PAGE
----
A Festive Fancy
WITH the Christmas season now well and truly upon us and 2023 looming large we thought we’d indulge in a whim of festive fancy with a tale of ‘what if?’
At our recent Westfield padel festival, two of our ambassadors joined forces to play doubles on our pop-up padel court in Europe’s biggest retail outlet.
Tia Norton may still be just 19, yet 2022 saw her become the very first recipient of the LTA Padel Award and consolidated her place as the undisputed No.1 female padel player in the UK. She also claimed the first ever FIP RISE London Padel Open in August with partner Carla Fito Fernandez.
Tia also spearheaded our ladies’ bid to make the World Championships back in October which came up just short on the road to Dubai, and it seems certain she will break the top-100 world rankings in 2023.
Jamie Murray is of course the former World No.1 tennis men’s doubles player and a winner of multiple Grand Slams spanning two disciplines of doubles, while back in 2015, along with fellow Game4Padel ambassador and brother Sir Andy, he was an integral part of GB’s first Davis Cup win in 79 years.
Right now Jamie is organising and competing in the Battle of the Brits in Aberdeen where he will partner Andy in a doubles encounter against Joe Salisbury and Neal Skupski.
Yet with Jamie having met Tia we felt it would be fascinating to get the GB padel No.1 to offer her thoughts on what would happen if the elder Murray brother, who is now 36, traded tennis for padel racket.
So let’s start at the beginning! It may seem a glaringly rhetorical question but does Tia think Murray senior has the transferrable skills to make it in padel?: “If you come from a doubles background in tennis then 100% you have an advantage when it comes to transferring these skills to padel,” said Tia immediately playing the straight bat.
The GB No.1 lady continued: “I know that Jamie really enjoys padel and I’ve seen him post about it on social media, so he is really into it.
“He has incredible hand skills; Really it all depends on what his ambitions are. I mean if you look at Abi Tordoff, who obviously played at Wimbledon, she has come from nowhere in one year making huge strides to go all the way to playing for GB Ladies at the World Championship qualifiers.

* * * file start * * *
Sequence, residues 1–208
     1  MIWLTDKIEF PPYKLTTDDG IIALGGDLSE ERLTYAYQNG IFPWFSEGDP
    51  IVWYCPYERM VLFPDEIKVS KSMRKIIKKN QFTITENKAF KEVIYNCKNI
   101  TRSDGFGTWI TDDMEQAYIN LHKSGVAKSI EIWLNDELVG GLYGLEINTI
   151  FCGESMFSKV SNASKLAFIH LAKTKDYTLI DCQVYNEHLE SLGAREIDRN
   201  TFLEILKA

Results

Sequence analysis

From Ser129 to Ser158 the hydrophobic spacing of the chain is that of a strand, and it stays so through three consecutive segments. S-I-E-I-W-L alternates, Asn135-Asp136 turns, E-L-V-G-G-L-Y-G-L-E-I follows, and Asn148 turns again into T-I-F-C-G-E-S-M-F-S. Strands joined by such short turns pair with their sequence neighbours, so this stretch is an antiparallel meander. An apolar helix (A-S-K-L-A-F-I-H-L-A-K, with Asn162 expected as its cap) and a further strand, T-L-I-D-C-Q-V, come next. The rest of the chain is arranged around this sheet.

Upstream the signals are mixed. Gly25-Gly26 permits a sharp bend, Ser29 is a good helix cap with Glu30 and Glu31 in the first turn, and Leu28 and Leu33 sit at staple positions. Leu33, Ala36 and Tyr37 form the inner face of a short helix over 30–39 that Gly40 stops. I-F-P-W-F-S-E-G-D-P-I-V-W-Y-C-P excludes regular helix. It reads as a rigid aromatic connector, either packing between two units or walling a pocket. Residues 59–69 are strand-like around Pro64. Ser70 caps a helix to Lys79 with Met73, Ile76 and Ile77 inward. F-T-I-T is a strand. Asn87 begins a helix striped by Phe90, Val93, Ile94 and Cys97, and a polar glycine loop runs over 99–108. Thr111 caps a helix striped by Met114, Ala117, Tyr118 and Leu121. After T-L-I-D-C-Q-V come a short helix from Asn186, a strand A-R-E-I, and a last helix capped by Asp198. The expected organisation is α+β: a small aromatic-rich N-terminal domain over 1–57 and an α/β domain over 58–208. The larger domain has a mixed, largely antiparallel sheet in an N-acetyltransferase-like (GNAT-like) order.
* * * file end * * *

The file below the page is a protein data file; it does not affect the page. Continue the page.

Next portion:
“For Jamie it all depends on what his ambitions are. He was World No.1 doubles player in tennis and has fantastic transferrable skills.
“If Jamie’s drive, for example, is to get onto the men’s GB team then he has a huge chance.
“No pun intended but I would say the ball is pretty much in his court and it will be interesting to see if he will want to take that challenge on in 2023.”
While she was clearly impressed with the former US and Australian Men’s doubles champion’s padel prowess at Westfield surely there must be technical challenges which Murray the elder would face if he sought to accept our fantasy padel challenge?
Over to you Tia: “Yes, I do think that coming from tennis to padel there is a slight difference in terms of how we hit volleys. In padel we put more work on the ball as if you hit it flat all the time then it will rebound off the wall quite easily.
“In tennis the volleys are that bit punchier – you are finishing the point on your volley whereas in padel you are building the point with your volleys but that said the technique is very similar.
“When we spoke at Westfield Jamie was asking me for tips on how he can improve his game in terms of taking the ball off the wall. So for sure Jamie is keen on improving his padel and getting better.”
Thus, it seemed only fair to ask Tia if the star padel student of Game4Padel’s Westfield Academy had made the grade!
With a laugh Ms Norton said: “I think by the end at Westfield Jamie had a good sense of how to take the ball off the wall but he was very interested in making sure that positionally he had it correct in relation to where he should be standing and I found that impressive in terms of his attention to detail.
“He was coming slightly too far forward from the wall so he was hitting the ball behind him a little bit, so his anticipation was a little out but the more practise you get the more you can improve your anticipation.
“Really the more padel you play the easier it is to get a read on how the ball is travelling and what angle it will come off the wall, so in this respect I think it would be a case of practise makes perfect!
“Also, Jamie played on the right side. Lefties tend to play on the right side so they have the forehand in the middle and he put a lot of slice on his shots – in fact both Jamie and Andy did.
“Obviously in tennis you can play a little flat but it’s mainly either topspin or slice while in padel there is a lot of playing flat, so there was plenty of slice out there from him.”
And now before we close the book on this festive padel fairy tale it’s time to get to the bottom line and reach Tia’s final verdict: “If Jamie wants it and he has the drive to make it onto the (GB) team I would back him to achieve that, but only Jamie will know whether he fancies taking up that challenge when he does call time on his tennis.
“It would certainly be very interesting to see how it would work out.”
Safe to say then it’s a 10 from Tia!